As Kirby kept walking, reporters kept writing about him. In the spring of 1920 he announced he would walk to Chicago, visit a few threshing houses, take in the Republican National Convention, see the sights. With permission to use the Santa Fe railroad right-of-way he set out on May 14 and pulled into Chicago eight days later.  The Chicago Tribune published a small story:

Days later the Tribune ran a story about five young Evanston women seeking husbands, promoted by the local justice of the peace. Soon Kirby showed up at the judge’s office, saying he’d read about the women and would like an introduction, having decided he “ought to a got hitched up long ago.” Unfortunately, the judge was out of town, so Kirby walked on. 

Next day the Tribune’s front page story began:

 “I haven’t ever kissed a girl,” he had told the paper. “And I’m 44 years old.”

By August, worried friends and relatives had not heard from him in weeks. Meanwhile, Kirby continued walking, visiting Michigan, Wisconsin and Minnesota. His crops and business were suffering from neglect. When he finally returned in early September, the bank had foreclosed on his livestock. But Kirby would not stop walking, or seeking publicity. He began spending even more time in Kansas City.

Now the stories were in papers nationwide, usually referring to him as The Unkissed Pedestrian. The Heart of America Walking Club here in town recruited him to help promote walking and the city. He participated in publicity stunts. In 1921 a Post reporter ambushed him with a showgirl named Flossie Devere. “You can’t tell me he’s never been kissed before,” she said after planting one for the camera. Kirby looked surprised, but not displeased. He was still searching. 
Kissed at last.
Finally, in the summer of 1922, he was seen with a young female walking companion. A trainee, he called her. She was Daisy Belle Hicks, half his age, daughter of a neighboring farmer in Leavenworth county. All that fall, as Kirby trained for another Chicago walk, this time sponsored by the HOA Walking Club, Daisy Belle was there. Though he hoped she would soon be ready for long-distance walking, he paid for her to attend barber school in the meantime. “She's going to get a job in one of these here lady barber shops,”  he told the Post.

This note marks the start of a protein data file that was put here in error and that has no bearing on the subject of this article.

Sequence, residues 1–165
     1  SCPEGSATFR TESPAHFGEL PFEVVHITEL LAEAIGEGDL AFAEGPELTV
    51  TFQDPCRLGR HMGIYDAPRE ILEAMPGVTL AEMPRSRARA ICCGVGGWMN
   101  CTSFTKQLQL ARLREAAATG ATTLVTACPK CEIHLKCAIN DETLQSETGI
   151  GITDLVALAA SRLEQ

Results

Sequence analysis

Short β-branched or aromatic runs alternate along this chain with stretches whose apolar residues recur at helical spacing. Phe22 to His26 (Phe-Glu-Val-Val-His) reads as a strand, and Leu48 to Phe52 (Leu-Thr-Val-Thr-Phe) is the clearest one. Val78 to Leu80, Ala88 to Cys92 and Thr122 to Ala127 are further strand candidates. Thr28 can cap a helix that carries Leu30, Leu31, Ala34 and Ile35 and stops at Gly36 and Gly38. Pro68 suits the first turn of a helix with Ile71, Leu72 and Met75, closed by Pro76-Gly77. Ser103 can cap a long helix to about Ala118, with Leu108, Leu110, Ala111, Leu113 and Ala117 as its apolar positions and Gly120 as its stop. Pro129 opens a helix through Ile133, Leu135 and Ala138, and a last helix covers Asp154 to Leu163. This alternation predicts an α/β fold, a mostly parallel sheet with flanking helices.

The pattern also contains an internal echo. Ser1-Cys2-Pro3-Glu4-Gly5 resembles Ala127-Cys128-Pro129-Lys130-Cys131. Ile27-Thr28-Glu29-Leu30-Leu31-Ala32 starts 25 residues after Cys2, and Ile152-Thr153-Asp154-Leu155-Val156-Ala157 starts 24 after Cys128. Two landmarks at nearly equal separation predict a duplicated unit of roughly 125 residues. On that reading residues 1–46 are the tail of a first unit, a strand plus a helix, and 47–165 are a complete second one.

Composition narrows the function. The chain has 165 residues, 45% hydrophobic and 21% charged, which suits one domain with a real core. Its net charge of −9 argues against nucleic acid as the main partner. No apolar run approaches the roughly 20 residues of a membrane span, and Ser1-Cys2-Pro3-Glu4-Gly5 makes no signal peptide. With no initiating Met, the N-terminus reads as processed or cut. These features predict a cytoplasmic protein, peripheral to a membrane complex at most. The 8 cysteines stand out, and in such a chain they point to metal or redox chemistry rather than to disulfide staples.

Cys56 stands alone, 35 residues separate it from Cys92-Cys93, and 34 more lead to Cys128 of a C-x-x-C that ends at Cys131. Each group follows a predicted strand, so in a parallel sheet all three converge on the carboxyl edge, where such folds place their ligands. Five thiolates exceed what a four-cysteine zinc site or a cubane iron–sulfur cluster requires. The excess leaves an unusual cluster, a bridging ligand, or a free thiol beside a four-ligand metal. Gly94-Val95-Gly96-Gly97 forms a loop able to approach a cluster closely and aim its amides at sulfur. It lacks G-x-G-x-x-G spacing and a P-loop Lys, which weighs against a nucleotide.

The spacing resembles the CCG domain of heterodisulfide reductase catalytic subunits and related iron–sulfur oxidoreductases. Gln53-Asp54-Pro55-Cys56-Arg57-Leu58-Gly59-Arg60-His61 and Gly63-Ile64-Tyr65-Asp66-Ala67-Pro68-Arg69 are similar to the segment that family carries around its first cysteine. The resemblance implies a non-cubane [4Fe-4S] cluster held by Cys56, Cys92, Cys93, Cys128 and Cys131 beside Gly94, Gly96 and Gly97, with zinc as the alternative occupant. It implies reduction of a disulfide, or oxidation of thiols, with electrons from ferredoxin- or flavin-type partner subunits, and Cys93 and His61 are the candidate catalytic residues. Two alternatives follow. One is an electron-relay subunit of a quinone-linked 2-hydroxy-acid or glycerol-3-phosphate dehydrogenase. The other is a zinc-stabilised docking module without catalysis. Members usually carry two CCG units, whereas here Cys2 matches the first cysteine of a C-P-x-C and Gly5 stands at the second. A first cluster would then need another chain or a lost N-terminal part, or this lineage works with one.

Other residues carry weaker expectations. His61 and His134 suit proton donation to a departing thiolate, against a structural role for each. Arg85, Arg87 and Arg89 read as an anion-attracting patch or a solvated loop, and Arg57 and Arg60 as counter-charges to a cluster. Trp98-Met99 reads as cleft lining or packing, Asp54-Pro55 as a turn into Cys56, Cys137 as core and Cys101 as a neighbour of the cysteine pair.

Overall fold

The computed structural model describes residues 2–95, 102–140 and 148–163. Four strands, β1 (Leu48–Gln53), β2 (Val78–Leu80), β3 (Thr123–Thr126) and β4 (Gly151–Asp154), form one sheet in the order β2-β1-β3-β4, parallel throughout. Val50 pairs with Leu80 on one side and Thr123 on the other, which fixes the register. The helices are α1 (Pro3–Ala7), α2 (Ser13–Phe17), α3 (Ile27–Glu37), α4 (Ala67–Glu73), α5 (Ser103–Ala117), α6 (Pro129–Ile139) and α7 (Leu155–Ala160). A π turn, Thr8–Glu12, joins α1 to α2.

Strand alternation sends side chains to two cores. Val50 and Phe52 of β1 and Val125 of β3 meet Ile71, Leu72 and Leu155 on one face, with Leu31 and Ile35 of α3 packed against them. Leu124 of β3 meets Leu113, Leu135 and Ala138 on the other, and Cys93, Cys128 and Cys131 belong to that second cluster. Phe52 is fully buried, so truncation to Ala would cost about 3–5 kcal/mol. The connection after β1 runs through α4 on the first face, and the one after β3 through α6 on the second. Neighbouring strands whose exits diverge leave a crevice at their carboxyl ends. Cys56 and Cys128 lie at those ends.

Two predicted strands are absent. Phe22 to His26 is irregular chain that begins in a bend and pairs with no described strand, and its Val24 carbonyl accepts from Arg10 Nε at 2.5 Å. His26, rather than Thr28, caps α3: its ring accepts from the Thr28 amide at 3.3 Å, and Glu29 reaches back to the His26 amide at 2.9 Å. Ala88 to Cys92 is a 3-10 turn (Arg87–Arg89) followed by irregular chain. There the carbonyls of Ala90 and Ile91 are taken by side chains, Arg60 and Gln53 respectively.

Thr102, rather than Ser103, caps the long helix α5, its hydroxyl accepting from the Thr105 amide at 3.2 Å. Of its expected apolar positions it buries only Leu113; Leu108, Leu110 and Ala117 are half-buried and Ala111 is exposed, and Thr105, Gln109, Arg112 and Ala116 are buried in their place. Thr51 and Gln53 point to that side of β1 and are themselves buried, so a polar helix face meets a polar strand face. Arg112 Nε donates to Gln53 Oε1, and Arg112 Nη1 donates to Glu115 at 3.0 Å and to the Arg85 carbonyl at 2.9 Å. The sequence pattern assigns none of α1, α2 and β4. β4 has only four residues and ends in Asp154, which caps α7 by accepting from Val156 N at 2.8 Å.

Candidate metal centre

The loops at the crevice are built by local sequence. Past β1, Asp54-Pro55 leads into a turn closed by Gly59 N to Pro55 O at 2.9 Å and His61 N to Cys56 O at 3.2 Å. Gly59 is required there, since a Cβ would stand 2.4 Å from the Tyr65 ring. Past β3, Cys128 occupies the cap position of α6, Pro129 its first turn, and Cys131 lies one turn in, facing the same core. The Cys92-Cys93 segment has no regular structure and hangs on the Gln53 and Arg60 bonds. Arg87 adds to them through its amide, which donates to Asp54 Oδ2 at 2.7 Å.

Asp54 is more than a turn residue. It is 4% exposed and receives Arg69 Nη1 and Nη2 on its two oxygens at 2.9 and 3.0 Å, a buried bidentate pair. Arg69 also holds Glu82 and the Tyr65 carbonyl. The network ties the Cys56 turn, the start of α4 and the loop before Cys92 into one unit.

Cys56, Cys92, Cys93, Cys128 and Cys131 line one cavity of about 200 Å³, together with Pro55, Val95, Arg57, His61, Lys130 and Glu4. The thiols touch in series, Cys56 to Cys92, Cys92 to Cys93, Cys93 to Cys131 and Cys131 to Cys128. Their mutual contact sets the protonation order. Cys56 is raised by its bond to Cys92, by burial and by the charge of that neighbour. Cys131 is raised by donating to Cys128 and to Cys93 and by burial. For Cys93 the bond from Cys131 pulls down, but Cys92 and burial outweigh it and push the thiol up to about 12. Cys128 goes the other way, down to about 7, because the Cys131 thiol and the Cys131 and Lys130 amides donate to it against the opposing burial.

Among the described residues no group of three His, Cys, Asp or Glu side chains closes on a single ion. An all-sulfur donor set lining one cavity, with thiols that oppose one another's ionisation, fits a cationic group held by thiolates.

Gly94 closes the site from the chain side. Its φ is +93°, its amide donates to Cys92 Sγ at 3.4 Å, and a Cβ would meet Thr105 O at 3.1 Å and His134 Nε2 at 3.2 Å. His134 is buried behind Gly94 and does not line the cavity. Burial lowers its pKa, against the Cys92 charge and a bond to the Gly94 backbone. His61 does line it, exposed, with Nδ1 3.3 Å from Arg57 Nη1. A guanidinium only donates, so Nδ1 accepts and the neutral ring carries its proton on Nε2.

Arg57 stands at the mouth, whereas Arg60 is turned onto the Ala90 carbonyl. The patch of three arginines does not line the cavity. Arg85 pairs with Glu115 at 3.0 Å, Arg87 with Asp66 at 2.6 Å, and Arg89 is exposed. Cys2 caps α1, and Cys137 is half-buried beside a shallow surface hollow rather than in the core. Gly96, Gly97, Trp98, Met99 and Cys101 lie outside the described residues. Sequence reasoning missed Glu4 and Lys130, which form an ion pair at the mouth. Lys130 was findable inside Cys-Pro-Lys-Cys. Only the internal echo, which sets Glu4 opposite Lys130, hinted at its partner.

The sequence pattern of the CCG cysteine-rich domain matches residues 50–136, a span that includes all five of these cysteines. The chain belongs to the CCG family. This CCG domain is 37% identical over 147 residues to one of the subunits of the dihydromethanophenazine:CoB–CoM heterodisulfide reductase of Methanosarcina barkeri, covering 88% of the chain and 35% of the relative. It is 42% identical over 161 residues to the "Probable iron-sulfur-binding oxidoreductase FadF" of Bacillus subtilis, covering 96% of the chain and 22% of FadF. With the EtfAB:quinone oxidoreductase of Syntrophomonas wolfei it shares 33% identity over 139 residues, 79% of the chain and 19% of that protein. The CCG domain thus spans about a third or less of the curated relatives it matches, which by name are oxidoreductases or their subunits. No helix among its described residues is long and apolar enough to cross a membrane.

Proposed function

In December, leaving the steps of city hall in Kansas City, bound for Chicago, he passed her school whistling “The Girl I Left Behind.” She waved goodbye with her clippers.

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Of course, Daisy Belle Hicks ran off with another man. Kirby never recovered. As a silent protest he grew his hair and beard long, and sued Daisy for breach of promise. The suit was thrown out of court. 

Walking had become an obsession. He lost his farm. His plan to break the transcontinental record of Edward Payson Weston never materialized. Kirby was growing old, and the only walking left was behind a wheelbarrow in the streets of Kansas City. 

“This never would have happened if I had not been kissed the first time,” he told a reporter. “Kissing is a dangerous habit. It is like opium. The more you get the more you want. I wish the women would leave me alone forever now.”

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The end came for Kirby McRill in 1950, when he was hit by a car on Third street in the cold hour before a January dawn. At first no one claimed his body, but four hundred Kansas Citians filed past his wooden coffin at the Lapetina funeral home on Campbell street. Finally, some relatives and friends buried him in a little cemetery near his old Kansas farm. 

Some of them recalled the old Kirby, before his walking became newsworthy. 

“After that,” said one, “Kirby wanted nothing greater out of life than to get his name and his picture in the newspapers.”
In death, he made the front page of the Star.